Beyond her powerful battleships, the Empire of Japan owned a mighty carrier force by the time of World War 2 (1939-1945). This force proved instrumental in Japan's conquest of the Pacific and would feature equally important in neutralizing the American Navy in the inevitable showdown of titans. However, the Battle of Midway in 1942 saw the loss of four of these utterly important weapons to the Americans which forced Japan to compensate by, in the case of the Hiyo-class carrier group, in reworking existing passenger ocean liners to become dedicated fleet carriers. The group was led by IJN Hiyo (forged from SS Izumo Maru) and she was joined by her sister IJN Junyo (built atop the remains of SS Kashiwara Maru).
The conversion process, tackled by other navies of the period as well, made carrier acquisition both relatively economical and expedient.
In her original construction effort as SS Kashiwara Maru, the ship was ordered in late-1938 with construction assigned to the Nippon Yusen Kaisha shipyard (No. 900). The keel was laid down on March 20th, 1939 and the hull launched on June 26th, 1941. She was acquired, while still incomplete, by the Imperial Japanese Navy service on February 10th, 1941 and formally commissioned on May 3rd, 1942.
As completed, the warship had a displacement of 24,150 tons and dimensions that included a running length of 719.6 feet, a beam of 87.6 feet, and a draught down to 26.8 feet. Power was from 6 x Kampon water-tube boilers feeding 2 x Geared-steam turbines developing 56,250 horsepower driving 2 x Shafts astern. Maximum speed in ideal conditions reached 25.5 knots and range was out to 12,250 nautical miles. Armor protection reached up to 2" at the belt.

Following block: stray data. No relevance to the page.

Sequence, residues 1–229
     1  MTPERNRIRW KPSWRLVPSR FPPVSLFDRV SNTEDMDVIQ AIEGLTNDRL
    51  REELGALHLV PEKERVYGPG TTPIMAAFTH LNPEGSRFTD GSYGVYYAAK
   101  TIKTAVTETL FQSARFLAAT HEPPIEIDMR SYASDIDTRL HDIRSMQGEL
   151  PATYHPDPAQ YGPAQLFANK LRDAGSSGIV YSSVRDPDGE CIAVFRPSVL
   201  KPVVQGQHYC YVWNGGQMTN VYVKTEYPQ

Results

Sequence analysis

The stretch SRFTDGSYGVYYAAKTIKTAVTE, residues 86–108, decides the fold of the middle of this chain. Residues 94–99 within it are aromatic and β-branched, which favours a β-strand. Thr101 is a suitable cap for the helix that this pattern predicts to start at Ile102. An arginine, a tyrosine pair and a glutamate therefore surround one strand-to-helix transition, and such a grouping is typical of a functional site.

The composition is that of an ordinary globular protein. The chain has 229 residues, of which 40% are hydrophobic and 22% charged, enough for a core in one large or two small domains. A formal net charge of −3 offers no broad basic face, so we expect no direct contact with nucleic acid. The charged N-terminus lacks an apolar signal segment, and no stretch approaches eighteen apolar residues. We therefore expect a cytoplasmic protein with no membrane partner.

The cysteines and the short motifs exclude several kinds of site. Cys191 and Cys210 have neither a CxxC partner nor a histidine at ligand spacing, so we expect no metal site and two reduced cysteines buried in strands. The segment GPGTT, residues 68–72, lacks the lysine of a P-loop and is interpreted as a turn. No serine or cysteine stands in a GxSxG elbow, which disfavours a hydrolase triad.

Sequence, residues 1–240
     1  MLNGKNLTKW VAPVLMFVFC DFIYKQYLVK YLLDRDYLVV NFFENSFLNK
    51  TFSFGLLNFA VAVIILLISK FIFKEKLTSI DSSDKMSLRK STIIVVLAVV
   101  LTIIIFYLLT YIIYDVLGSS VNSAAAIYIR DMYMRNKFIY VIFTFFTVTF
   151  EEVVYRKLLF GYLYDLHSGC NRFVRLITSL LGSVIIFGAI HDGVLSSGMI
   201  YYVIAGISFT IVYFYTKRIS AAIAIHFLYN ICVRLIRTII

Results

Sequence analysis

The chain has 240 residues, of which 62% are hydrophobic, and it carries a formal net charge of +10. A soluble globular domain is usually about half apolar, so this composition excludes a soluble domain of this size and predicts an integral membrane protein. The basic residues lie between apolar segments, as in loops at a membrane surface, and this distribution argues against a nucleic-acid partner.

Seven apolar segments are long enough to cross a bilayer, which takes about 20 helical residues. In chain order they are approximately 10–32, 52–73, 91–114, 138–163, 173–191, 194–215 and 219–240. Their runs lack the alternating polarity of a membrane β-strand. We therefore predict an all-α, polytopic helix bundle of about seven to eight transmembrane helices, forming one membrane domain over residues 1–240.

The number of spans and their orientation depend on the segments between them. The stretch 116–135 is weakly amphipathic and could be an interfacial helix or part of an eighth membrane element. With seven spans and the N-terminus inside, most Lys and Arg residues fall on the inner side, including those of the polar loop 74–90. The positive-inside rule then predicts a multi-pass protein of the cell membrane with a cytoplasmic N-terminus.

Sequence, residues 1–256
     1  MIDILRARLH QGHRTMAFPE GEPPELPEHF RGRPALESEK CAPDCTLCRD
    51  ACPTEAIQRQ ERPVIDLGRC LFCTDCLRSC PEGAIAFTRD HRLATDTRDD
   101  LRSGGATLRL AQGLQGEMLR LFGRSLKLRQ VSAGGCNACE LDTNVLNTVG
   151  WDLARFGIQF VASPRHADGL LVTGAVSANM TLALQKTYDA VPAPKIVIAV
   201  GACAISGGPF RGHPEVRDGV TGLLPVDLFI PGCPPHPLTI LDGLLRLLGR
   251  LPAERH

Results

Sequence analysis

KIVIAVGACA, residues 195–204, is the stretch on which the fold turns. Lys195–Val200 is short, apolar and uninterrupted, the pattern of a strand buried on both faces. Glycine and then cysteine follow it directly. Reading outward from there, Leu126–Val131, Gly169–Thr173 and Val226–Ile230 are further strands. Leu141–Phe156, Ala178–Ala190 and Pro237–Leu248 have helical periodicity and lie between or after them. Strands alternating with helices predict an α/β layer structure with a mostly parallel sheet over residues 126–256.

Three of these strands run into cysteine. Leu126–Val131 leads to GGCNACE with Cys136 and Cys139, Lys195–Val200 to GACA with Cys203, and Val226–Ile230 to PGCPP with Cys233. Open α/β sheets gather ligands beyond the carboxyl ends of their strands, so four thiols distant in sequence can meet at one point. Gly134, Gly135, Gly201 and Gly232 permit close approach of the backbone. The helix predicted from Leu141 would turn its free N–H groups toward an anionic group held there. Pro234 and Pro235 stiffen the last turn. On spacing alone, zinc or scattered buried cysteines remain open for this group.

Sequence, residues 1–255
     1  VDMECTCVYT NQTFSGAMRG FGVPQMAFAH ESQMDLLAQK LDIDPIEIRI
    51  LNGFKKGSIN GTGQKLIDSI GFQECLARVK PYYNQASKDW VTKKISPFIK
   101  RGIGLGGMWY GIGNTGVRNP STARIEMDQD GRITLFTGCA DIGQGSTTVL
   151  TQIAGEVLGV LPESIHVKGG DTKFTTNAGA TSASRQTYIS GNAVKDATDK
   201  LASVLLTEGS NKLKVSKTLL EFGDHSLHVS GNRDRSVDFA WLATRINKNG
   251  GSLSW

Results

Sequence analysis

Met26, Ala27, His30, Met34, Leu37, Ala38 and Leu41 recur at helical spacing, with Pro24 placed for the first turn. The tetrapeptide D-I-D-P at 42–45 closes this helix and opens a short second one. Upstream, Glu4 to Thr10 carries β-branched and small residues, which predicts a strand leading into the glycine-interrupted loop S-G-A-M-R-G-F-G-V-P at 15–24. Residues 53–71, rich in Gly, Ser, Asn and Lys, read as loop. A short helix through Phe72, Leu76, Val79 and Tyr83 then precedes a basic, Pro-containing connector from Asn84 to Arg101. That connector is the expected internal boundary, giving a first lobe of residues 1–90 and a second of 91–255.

Aboard was a complement of up to 1,224 personnel. Internally she carried two hangar decks of limited size which meant her air arm was restricted to between forty-two and forty-eight total warplanes. Armament centered on self-defense measures led by 12 x 127mm Dual-Purpose (DP) guns in six twin-gunned mountings and 24 x 25mm Anti-Aircraft (AA) guns in eight triple-gunned emplacements.
For her time in World War 2, IJN Junyo became a veteran of the Aleutian Islands campaign (1942-1943), the Battle of Santa Cruz (1942), the Battle of the Philippine Sea (1944), New Guinea (1942-1945), and the Solomon Islands (1942-1945). In November of 1943, she took damage from Allied torpedoes which placed her out of action for the period of three months while repairs were enacted. In the Battle of the Philippine Sea, she was damaged once more, this time by aerial bombs from Allied warplanes and, in December of 1944, she was torpedoed again then laid up until March 1945. At this point, the effort to repair her and bring the vessel back into service was abandoned by Japanese authorities. The war then ended with the Japanese surrender in August 1945.
IJN Junyo technically survived the fighting of World War 2. Her name was ultimately struck from the Naval Register on November 30th, 1945 and, during 1946-1947, the warship was officially broken up and sold for scrap.
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